The cavalry of the confederates left wing, having by this succcis gained the advantage of forming themselves intirely in order of battle, advanced leisurely to the top of the hill, and several times charged the enemy's horse, who were always routed, but who, nevertheless, rallied every time, though at a considerable distance, and thereby gave the allies an opportunity of gaining ground. As the duke of Marlborough, who was now in person among them, was preparing a fresh attack, marshal de Tallard caused ten of his battalions to advance, to fill up the intervals of his cavalry, in order to make a last effort; which, the duke percciving, caused three battalions of the troops of Zell to come up and sustain the Horse. Then the prince of Heffe Caffel, general of the horse, and the lieutenantgenerals Lumley, Bulaw, Hompesch, and Ingoldsby, returned with their troops to the charge ; but the fuperior fire of the enemy's infantry put their first line into fome disorder, so that it shrunk back, and ren::ined, for some time, at about fixty paces distant from the enemy, neither party advancing against the other. At length, the confederates pushed forwards with so much bravery and success, that, having broke and routed the enemy's horle, the ten battalions, who found themselves abandoned by them, were cut to pieces, none escaping, but a very few foldiers, who threw theinfelves on the ground, as dead, to fave their lives.

Marshal de Tallard rallied his broken cavalry behind fome tents, which were still standing in his camp ; and, feeing things in this desperate condition, resolved to draw off his dragoons and infantry out of the village of Blenheim. He thereupon sent one of his aids-de-camp to marthal de Marsin, who, with the elector of Bavaria, commanded on the left, to desire him, “ to face the enemy “ with some troops on the right of the village of Oberklau, 1904. “ to keep them in play, and favour the retreat of the in“ fantry, that was in Blenheim.” But marshal de Marfin represented to the messenger, " That he had too much bu“ finess in the front of the village, where he was posted, " and where he had to deal with the duke of Marlborough, “ who was come to the allistance of prince Eugene, as “ well as in the rest of the line, to spare any troops ; since “ he was so far from being victorious, that all he could do " was to maintain his ground.”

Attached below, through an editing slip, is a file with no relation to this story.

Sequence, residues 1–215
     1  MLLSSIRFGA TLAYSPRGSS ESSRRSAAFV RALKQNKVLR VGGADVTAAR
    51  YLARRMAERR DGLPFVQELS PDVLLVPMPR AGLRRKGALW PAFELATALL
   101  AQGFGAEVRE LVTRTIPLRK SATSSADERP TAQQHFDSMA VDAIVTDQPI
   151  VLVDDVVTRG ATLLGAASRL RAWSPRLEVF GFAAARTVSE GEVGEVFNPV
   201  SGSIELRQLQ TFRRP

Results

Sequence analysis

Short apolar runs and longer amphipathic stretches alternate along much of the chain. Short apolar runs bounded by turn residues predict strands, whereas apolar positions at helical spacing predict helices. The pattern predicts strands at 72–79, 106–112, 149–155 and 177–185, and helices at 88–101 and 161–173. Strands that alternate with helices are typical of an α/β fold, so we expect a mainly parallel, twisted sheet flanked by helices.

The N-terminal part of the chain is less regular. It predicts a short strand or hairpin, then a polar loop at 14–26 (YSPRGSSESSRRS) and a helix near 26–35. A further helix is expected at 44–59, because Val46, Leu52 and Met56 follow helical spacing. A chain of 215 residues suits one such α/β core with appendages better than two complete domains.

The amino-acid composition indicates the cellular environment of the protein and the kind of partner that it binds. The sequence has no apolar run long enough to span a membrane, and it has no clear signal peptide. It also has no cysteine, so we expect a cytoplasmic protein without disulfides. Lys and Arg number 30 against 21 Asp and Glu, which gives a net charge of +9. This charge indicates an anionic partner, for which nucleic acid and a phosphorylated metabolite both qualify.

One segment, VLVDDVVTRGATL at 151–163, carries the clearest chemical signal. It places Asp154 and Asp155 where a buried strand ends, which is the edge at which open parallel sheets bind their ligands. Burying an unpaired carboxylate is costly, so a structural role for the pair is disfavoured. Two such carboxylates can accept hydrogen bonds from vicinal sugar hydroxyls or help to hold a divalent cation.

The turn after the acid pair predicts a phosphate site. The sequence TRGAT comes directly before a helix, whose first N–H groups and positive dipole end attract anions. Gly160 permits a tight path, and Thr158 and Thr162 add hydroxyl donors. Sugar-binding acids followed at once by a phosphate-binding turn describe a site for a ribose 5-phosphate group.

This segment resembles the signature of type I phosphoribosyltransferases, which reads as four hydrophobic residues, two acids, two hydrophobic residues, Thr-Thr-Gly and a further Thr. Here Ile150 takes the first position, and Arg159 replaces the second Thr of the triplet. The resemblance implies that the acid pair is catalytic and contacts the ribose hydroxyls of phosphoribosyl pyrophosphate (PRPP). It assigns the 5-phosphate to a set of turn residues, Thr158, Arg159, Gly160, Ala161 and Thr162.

In the mean time, Ingoldshy made the other generals of the fame attack sensible, how eafily they might intirely defeat the French cavalry, by charging them on the right flank. This advice being put into execution with a great deal of vigour, the enemy were soon thrown into disorder, and put to flight, part of them endeavouring to gain the bridge, which they had over the Danube, between Blenheim and Hochstet; and the other part, among whom were the Gens d'Armes, were closely pursued by the Lunenburgh dragoons, and those, who escaped the slaughter, threw themselves into the Danube, where most of them were drowned. Those, who fled towards Hochstet, rallied once more, making a shew to succour the rest ; but the fame regiment of Bothmar faced them, and kept them in awe for some time, till it was joined by some other regiments, when the enemy made the best of their way to save themselves by flight.